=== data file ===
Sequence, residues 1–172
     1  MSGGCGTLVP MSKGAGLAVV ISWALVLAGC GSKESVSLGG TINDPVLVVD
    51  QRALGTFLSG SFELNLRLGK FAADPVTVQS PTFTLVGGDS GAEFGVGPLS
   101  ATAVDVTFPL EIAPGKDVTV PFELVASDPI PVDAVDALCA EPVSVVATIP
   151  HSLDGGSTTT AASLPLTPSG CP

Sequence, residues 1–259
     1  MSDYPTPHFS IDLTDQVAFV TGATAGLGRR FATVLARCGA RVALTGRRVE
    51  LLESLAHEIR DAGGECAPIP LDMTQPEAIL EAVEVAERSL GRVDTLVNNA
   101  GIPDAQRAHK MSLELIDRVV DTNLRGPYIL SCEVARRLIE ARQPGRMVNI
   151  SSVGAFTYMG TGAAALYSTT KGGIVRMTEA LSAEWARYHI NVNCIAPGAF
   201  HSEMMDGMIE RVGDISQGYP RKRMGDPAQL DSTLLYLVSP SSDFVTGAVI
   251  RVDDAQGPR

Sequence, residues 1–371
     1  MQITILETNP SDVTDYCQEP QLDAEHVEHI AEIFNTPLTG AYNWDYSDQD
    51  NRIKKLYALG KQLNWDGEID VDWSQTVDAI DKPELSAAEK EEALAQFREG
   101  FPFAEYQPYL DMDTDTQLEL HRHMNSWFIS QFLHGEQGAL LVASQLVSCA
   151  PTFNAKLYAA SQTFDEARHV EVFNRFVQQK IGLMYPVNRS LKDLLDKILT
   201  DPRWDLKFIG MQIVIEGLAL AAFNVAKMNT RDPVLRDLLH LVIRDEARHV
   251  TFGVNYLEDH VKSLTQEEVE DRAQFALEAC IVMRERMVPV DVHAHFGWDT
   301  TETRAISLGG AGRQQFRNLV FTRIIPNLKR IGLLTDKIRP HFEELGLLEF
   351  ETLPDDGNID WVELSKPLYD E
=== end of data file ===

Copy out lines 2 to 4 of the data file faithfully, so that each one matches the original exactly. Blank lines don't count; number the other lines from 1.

     1  MSGGCGTLVP MSKGAGLAVV ISWALVLAGC GSKESVSLGG TINDPVLVVD
    51  QRALGTFLSG SFELNLRLGK FAADPVTVQS PTFTLVGGDS GAEFGVGPLS
   101  ATAVDVTFPL EIAPGKDVTV PFELVASDPI PVDAVDALCA EPVSVVATIP